Wetlands serve as some of the most complex and important ecosystems on Earth, providing habitat for many plants and animals, collecting and filtering water, and reducing the amount of damage from floods and heavy rainfall. Wetlands go by many alternative names, including swamps, marshes and bogs. They vary slightly in physical composition; some wetlands contain primarily trees, while others contain brush and shrubs, but all perform equally important ecological roles.
In the United States, wetlands serve as homes and form critical habitats for nearly 50 percent of the nation's federally endangered plant and animal species. Fish, birds, amphibians and many types of plants require the resources found only in wetlands for survival. In addition to protecting threatened and endangered species, wetlands control flooding by acting as large sponges, filling with excess water when heavy rains fall. A single acre of wetlands might store over 1 million gallons of water, making them ideal natural sources of flood control. The trees and brush in wetlands anchor soil and vegetation to the ground, which ultimately reduces wind and soil erosion.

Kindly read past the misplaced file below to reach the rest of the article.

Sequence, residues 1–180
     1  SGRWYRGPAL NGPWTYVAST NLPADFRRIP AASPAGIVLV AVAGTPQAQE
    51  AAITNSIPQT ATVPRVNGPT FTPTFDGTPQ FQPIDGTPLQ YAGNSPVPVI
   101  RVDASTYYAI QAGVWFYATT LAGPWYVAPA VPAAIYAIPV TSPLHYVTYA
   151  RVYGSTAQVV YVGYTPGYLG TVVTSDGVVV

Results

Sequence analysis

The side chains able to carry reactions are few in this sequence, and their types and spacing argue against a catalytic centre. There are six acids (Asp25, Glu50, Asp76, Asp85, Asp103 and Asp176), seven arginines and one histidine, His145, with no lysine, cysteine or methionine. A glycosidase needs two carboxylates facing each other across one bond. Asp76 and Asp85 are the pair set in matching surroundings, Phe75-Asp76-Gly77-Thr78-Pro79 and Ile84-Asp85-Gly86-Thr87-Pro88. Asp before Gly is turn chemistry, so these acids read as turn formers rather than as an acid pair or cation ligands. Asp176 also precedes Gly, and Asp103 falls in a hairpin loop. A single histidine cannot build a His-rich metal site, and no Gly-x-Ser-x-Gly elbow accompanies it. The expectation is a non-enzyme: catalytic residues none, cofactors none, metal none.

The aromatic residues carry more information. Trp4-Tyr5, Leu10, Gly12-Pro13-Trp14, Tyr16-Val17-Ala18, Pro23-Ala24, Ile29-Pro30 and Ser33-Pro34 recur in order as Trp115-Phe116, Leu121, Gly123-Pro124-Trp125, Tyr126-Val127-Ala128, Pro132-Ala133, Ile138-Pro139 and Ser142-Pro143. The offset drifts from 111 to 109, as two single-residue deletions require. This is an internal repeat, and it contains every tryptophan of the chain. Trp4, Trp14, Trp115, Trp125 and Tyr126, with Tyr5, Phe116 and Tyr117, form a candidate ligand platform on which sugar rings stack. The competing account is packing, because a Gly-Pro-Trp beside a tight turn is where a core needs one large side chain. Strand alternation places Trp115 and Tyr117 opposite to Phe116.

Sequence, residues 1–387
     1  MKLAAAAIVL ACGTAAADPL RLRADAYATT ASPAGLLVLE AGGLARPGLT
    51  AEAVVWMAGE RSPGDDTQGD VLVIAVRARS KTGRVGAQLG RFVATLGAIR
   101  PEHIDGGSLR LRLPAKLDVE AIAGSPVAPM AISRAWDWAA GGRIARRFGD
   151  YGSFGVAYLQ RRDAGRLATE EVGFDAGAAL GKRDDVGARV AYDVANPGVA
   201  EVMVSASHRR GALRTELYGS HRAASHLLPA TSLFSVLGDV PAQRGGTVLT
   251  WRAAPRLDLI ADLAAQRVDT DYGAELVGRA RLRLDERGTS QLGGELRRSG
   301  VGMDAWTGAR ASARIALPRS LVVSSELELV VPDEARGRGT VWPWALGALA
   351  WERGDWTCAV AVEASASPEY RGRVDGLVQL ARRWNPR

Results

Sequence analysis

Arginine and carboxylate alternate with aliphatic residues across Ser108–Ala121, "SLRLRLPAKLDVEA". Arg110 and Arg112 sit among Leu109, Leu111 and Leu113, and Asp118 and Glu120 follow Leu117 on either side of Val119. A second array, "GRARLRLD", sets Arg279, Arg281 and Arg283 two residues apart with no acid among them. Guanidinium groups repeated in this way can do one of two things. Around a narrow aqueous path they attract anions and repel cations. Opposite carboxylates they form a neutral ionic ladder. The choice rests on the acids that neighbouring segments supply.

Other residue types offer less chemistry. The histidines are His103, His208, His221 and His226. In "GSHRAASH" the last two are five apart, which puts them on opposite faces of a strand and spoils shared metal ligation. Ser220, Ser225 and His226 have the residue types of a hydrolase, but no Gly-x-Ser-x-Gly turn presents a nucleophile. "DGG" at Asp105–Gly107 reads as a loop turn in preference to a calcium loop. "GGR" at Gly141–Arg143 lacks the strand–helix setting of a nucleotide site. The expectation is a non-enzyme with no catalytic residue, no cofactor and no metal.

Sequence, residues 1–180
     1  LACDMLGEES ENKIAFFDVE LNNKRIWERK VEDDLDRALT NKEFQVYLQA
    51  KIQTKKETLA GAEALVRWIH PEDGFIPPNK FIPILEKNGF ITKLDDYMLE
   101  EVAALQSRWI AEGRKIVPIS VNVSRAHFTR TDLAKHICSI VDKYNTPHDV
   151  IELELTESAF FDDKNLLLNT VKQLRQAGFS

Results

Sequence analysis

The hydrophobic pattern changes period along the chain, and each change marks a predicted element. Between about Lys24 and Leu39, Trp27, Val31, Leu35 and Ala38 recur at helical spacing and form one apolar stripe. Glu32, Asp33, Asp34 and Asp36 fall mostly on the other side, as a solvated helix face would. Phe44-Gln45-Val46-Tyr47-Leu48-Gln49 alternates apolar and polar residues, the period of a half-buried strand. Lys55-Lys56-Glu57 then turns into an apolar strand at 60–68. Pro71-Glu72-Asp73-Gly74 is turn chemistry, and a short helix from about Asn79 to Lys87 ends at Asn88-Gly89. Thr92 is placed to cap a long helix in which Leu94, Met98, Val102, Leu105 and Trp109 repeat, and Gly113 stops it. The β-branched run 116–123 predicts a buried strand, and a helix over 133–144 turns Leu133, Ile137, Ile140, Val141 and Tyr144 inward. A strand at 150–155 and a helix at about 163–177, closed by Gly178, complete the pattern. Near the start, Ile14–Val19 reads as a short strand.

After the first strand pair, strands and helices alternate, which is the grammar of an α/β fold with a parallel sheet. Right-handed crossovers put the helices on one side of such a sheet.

Wetlands provide humans with recreational opportunities and offer economic benefits as well. They supply ample amounts of shellfish along with cranberries, blueberries and wild rice. Waterfowl hunting within wetland boundaries proves lucrative, and some medicines derive from ingredients found only in wetlands.